Decade enough uncertainty for fenced hunting

INDIANAPOLIS – It’s a fight that has gone on too long. And it’s time for the General Assembly to end it.

The state and the operators of fenced deer hunting preserves have been at odds for a decade over whether the operations are legal and can be regulated. During that time, lawmakers have failed to weigh in.

The problem is that existing state law doesn’t speak directly to the preserves, which allow customers to pay fees for the right to shoot a deer that is captive on a fairly expansive, largely wooded piece of land.

So in 1995, the Department of Natural Resources tried to shut the preserves down. But one of them – Whitetail Bluff in Harrison County – sued, and 10 years later, an appeals court said the DNR had no authority to regulate the operations, therefore leaving them in business.

Attorney General Greg Zoeller recently asked the Indiana Supreme Court to overturn that decision, a move he said preserves the DNR’s rights in the legal challenge.

But Zoeller said something else.

He doesn’t actually want the court to decide whether fenced hunting is legal or not in Indiana. He wants the General Assembly to make the decision and he called on lawmakers to get busy doing it.

In a news release, Zoeller said he doesn’t have an opinion about what the legislature should do.

But Zoeller noted in the release that “it’s important that legislators resolve the impasse one way or another and enact a new statute that directly addresses either high-fenced hunting specifically or hunting privately-owned wild animals more generally.”

No doubt.

Leaving the issue in limbo isn’t fair to anyone involved – not the owners of the preserves who have been operating in limbo all these years, not hunting groups who’ve been arguing fenced hunting is immoral and not the state regulators who have been trying to figure out how to interpret state law in a way that protects Indiana’s people and its wildlife.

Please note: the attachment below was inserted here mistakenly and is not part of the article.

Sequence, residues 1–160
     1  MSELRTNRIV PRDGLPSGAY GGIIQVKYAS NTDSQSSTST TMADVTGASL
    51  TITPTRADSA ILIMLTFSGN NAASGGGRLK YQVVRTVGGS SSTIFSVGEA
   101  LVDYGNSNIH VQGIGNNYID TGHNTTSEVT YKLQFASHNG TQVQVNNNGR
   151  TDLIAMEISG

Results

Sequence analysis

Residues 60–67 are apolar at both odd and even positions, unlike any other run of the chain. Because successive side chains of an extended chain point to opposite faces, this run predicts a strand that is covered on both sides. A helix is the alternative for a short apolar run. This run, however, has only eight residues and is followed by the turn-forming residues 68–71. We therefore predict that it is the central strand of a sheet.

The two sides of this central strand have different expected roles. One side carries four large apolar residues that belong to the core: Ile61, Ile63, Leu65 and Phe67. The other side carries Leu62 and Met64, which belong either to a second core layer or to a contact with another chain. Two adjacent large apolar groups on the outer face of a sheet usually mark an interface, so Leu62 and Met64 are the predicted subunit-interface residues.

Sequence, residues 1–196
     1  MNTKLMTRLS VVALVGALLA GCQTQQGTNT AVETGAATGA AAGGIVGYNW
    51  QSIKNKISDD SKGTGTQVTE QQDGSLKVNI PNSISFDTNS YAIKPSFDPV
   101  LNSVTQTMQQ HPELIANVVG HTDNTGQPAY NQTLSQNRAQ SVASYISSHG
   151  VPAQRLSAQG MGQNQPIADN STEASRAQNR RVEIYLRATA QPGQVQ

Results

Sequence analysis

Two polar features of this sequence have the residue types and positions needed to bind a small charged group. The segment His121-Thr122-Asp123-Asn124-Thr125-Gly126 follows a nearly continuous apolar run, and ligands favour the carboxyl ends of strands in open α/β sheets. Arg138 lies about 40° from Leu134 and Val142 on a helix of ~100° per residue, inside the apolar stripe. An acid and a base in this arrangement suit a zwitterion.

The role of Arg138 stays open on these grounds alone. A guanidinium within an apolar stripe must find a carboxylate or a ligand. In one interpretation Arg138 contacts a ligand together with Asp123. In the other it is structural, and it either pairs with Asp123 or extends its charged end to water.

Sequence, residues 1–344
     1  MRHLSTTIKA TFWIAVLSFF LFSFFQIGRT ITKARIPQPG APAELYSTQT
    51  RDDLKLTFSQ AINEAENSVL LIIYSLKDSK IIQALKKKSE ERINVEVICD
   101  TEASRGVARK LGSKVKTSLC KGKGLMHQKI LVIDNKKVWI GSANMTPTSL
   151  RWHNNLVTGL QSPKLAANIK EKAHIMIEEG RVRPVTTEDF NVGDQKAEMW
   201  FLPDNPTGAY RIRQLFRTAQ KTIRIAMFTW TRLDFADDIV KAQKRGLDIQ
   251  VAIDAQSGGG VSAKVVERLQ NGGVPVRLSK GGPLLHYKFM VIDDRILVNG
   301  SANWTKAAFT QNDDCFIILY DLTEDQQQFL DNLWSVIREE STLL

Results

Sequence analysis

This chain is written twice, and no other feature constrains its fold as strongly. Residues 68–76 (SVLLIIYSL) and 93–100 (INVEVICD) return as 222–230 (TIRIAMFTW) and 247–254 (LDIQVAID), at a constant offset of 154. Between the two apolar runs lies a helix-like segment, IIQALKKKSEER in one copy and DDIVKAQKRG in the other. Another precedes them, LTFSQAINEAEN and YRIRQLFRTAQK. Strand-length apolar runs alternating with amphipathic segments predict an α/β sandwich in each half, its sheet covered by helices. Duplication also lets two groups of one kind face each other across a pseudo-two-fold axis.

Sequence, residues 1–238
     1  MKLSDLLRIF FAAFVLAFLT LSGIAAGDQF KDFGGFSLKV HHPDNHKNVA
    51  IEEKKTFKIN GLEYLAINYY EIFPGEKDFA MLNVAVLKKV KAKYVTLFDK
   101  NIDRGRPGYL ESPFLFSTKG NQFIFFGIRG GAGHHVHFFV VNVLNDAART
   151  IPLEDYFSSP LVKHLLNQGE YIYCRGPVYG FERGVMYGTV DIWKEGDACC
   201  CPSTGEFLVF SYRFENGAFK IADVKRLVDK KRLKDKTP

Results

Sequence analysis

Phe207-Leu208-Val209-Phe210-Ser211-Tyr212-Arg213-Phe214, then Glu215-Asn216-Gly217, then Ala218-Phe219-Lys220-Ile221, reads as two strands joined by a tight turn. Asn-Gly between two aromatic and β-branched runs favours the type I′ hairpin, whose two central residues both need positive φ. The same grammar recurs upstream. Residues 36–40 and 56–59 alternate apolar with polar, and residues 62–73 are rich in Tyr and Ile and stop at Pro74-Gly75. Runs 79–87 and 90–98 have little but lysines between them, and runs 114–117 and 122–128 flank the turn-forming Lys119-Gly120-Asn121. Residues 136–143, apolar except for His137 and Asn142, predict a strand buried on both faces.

The issue is not simply about the morality of hunting. Critics of the fenced preserves say that captive deer are also more likely to carry diseases that can cause problems for the state’s wild herds. Preserve owners say that’s not true and that they spend more time and money checking and caring for their deer than is ever spent dealing with wild animals.

Regardless, the legislature’s lack of clarity on the issue means there are no real rules to help minimize whatever risks exist.

It’s not that the General Assembly hasn’t tried. Lawmakers have debated the issue year after year – sometimes over bills that would have banned the operations completely and sometimes over legislation to legalize and regulate them. In some years, legislative leaders have killed the bills in deference to ongoing lawsuits. In other years, the courts have delayed rulings in deference to the General Assembly.

Last year lawmakers came close to a decision. But a bill to legalize the preserves died in the Senate when only 25 of the 50 members voted yes – one shy of the majority needed to pass the bill.


It’s time for the General Assembly to decide one way or another.

The House has passed a bill to legalize the existing operations and let the DNR and the State Board of Animal Health regulate them. Senate President Pro Tem David Long, R-Fort Wayne, is now holding that bill, waiting for a proposal he considers fair and reasonable.

Meanwhile, no rules govern the operations.

“It appears that we are looking at a Wild West situation if we don’t do something,” Sen. Carlin Yoder, R-Middlebury, said last year. “If we don’t act, anything could go.”

And that’s just not a good idea for anyone.